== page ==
Actually, that should be "The lodgings of the compiler of the damned", but it's more dramatic this way.
39 Marchmont St, Bloomsbury, WC1, just a few blocks from my own lodgings. The word "unprepossessing" could have been coined in honour of this building, 1 and there are certainly many far more pleasing buildings too look at around here, so why does it warrant a post of its own? The not-actually-blue plaque attached to it explains further:
So, Charles Fort, 'American founder of Forteanism, the study of anomalous phenomena', lived here between 1921 and 1928. By 'anomalous phenomena', one should think things like UFOs, falls of frogs, poltergeists, sea serpents, spontaneous human combustion, ball lightning, out-of-place artifacts -- and so on, all manner of strange and rather dubious events. Collectively, these were 'damned data' -- as Fort termed them in The Book of the Damned (1919) -- ignored by scientists because they didn't know what to do with them. Forteanism 2 proposes something of an agnostic position: collect and collate the data, even speculate about it, but withhold judgment as to what it all means. Probably nine-hundred and ninety-nine times out of a thousand, this approach is a waste of time; the other one time might not be, but it's impossible to know which one in advance. And so though somewhat sympathetic to forteanism I'm always likely to go with the scientific consensus on a particular topic until there's no doubt that it's wrong, at which time the consensus will of course change in adjustment ...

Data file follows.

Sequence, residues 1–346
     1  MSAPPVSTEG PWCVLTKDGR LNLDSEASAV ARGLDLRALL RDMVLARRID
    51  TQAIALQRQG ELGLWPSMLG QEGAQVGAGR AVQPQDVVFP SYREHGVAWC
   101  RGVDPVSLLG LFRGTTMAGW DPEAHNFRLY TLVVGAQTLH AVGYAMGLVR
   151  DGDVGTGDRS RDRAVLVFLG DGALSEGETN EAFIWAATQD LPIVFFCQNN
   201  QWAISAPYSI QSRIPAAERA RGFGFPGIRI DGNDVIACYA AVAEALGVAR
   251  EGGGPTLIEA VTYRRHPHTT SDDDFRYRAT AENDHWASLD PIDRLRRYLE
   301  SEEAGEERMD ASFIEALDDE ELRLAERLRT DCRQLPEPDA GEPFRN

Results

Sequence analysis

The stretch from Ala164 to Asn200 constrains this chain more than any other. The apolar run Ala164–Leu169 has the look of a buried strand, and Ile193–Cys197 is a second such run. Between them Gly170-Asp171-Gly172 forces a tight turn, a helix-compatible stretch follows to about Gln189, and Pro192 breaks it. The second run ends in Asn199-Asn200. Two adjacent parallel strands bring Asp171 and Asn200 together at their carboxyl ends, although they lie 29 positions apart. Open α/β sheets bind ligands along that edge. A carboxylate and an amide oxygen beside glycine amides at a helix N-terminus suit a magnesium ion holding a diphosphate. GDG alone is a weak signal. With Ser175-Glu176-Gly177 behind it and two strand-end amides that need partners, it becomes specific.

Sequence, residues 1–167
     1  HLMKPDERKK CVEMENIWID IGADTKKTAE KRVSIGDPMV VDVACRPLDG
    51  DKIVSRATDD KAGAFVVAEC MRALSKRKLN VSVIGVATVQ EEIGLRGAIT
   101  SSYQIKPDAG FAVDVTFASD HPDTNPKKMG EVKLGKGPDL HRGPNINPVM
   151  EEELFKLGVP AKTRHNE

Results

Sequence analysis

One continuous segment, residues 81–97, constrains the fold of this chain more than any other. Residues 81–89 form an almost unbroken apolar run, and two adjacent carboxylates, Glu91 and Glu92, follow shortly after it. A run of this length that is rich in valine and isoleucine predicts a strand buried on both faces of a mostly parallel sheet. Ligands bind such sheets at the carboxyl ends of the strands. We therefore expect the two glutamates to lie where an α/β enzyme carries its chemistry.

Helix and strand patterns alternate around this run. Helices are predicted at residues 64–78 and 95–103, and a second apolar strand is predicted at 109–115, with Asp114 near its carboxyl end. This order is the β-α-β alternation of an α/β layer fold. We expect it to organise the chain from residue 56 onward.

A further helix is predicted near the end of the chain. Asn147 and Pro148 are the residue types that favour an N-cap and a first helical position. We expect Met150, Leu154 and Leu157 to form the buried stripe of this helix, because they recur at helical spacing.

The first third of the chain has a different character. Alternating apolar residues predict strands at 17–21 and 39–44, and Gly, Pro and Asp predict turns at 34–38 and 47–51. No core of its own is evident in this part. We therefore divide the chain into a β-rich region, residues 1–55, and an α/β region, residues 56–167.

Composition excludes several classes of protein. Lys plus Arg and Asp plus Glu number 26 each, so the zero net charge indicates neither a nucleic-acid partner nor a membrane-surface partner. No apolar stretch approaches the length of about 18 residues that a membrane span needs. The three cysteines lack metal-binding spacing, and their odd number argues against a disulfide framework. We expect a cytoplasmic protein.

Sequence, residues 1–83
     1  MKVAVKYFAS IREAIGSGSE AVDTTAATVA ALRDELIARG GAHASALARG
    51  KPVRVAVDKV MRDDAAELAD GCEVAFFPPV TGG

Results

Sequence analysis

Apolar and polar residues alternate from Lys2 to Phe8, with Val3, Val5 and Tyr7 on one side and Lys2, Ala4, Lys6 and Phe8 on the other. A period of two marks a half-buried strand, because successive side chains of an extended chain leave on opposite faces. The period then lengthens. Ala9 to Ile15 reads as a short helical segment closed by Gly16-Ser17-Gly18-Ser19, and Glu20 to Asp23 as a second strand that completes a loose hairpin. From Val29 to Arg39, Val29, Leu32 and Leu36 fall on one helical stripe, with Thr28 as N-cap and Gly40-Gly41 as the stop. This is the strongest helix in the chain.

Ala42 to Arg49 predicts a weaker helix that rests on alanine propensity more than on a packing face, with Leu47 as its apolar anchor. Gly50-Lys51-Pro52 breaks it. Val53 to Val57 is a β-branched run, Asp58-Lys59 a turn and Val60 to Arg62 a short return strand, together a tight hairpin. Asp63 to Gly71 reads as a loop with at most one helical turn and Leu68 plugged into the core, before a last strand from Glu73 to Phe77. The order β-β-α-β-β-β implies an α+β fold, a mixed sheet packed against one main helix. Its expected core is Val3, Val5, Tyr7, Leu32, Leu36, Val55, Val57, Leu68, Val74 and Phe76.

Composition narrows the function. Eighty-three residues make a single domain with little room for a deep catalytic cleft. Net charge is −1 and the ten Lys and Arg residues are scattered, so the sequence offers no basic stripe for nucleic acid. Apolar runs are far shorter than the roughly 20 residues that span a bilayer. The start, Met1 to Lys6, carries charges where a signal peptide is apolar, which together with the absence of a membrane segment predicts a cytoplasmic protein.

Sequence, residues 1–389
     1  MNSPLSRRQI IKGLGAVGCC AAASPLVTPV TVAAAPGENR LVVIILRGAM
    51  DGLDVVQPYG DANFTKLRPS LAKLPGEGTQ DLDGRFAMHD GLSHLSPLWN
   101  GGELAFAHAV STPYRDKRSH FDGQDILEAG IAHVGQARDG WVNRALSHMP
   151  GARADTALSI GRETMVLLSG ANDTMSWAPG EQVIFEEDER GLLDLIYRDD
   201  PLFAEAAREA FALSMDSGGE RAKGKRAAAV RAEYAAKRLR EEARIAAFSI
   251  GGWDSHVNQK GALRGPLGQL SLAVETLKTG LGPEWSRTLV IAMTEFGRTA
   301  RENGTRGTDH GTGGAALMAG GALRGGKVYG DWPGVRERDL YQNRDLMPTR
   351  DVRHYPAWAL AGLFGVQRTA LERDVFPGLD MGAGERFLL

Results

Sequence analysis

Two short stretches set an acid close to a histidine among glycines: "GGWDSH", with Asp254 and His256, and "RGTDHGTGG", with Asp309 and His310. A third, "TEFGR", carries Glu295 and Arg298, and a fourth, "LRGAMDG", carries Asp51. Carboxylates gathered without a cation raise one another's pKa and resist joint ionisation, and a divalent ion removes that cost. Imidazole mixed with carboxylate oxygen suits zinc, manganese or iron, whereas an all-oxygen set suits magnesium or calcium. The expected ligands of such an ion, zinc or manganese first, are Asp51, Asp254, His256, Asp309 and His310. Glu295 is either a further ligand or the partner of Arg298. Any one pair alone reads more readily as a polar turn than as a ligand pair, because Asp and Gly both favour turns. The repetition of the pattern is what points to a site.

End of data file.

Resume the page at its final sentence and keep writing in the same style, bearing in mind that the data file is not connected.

But whether vampires, phantom black dogs or Spring-heeled Jack actually existed or not, at some point in time, somebody believed they did (and probably still does). And those beliefs, and the way societies react to them, should be of interest to historians for the light they can shed upon the innermost workings of the human mind (singular and collective). 3 Which brings me to my own pet obsession, the British phantom airship scares of 1909 and 1913. Fort was, to my knowledge, the first writer after 1918 to discuss them, in New Lands (1923) and Lo! (1931). In the former, he quite rightly (and amusingly) dismissed the contemporary view that German airships were responsible for the lights in the sky: